Meng So is the first director of the Undocumented Student Program at UC Berkeley, coordinating efforts to respond to the needs of first generation, low-income, and undocumented students. He was part of Immigrants Rising’s Educator Action Group from 2011 to 2012, and currently serves on the Leadership Council.
How did you first learn about our organization?
I initially got involved through the Educators Action Group, which seems like a relic now. A group of Bay Area educators would meet at Kathy’s apartment in the city potluck style and talk about what we could all do to better serve undocumented students. It was a space where we could be angry, sad, afraid, hopeless, joyful, excited, courageous, hopeful, all out loud together.
Why did you join the Leadership Council?
Part of the reason that educational equity for undocumented students has advanced so far in California is because of the transformative work of E4FC [Educators for Fair Consideration, now known as Immigrants Rising]. I wanted to be apart of that magic to better understand how we can spread that secret sauce to more pockets of the state and the nation.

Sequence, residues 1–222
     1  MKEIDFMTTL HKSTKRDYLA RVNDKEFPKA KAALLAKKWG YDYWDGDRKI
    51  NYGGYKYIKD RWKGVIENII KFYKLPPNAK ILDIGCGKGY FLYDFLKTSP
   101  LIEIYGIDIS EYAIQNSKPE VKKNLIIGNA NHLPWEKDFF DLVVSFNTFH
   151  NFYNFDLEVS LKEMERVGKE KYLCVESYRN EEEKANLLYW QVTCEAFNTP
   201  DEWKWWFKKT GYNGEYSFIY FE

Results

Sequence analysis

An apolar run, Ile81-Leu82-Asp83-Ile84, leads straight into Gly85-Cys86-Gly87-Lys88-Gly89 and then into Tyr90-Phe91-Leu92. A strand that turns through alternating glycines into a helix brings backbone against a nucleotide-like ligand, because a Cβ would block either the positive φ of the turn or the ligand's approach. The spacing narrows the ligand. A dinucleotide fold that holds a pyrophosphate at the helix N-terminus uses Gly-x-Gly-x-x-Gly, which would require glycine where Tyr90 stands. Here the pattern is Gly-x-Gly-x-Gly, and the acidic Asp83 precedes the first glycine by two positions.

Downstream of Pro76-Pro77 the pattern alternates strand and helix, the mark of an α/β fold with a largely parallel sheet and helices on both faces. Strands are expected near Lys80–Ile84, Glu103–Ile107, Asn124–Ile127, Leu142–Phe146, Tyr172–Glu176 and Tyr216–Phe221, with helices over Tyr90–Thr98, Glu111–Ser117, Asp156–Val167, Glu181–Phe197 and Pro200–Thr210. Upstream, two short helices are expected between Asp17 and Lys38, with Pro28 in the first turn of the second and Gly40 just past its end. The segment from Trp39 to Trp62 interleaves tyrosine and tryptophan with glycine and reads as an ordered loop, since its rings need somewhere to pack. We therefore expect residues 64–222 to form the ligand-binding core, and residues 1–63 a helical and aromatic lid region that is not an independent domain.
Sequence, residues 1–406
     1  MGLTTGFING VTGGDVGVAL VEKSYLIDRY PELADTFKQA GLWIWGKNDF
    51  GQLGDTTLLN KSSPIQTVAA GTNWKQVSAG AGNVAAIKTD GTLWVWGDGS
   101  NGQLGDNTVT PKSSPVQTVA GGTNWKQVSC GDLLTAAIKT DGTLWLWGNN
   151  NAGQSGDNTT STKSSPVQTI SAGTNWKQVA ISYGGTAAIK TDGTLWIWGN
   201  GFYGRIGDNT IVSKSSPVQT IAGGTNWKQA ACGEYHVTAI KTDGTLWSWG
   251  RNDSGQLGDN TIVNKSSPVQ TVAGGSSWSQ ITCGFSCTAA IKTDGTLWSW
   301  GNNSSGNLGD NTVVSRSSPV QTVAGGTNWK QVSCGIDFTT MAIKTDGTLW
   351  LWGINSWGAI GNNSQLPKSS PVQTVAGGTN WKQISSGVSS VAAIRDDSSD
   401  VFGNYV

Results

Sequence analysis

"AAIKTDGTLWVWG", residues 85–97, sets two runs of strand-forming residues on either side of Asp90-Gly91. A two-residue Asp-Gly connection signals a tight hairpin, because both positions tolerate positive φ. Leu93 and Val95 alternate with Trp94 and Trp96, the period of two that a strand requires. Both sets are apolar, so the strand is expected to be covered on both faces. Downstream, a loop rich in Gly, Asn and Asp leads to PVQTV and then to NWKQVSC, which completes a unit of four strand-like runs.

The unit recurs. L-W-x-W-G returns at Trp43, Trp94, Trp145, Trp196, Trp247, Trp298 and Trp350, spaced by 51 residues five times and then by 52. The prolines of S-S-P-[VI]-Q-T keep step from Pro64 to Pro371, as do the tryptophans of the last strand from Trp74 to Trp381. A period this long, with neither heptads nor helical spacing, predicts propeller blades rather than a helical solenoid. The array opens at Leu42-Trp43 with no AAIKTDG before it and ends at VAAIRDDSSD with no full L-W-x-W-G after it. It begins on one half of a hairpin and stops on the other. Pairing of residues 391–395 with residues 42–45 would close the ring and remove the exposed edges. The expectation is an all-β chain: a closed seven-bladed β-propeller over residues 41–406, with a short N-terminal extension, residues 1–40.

Why do you think our work is important right now?
E4FC is a place for compassionate human possibility — where no person is illegal, where our students are valued and loved for their intrinsic human dignity and not denied opportunity based on their lack of U.S. citizenship.
What are your concerns for our organization?
The vicarious trauma and immense emotional toll this work has on individuals within the organization. Through it all, I hope that is E4FC is able to find silver lining in defeats, prioritize individual and collective wellness, always be willing to celebrate accomplishments, and learn from mistakes while having fun along the way.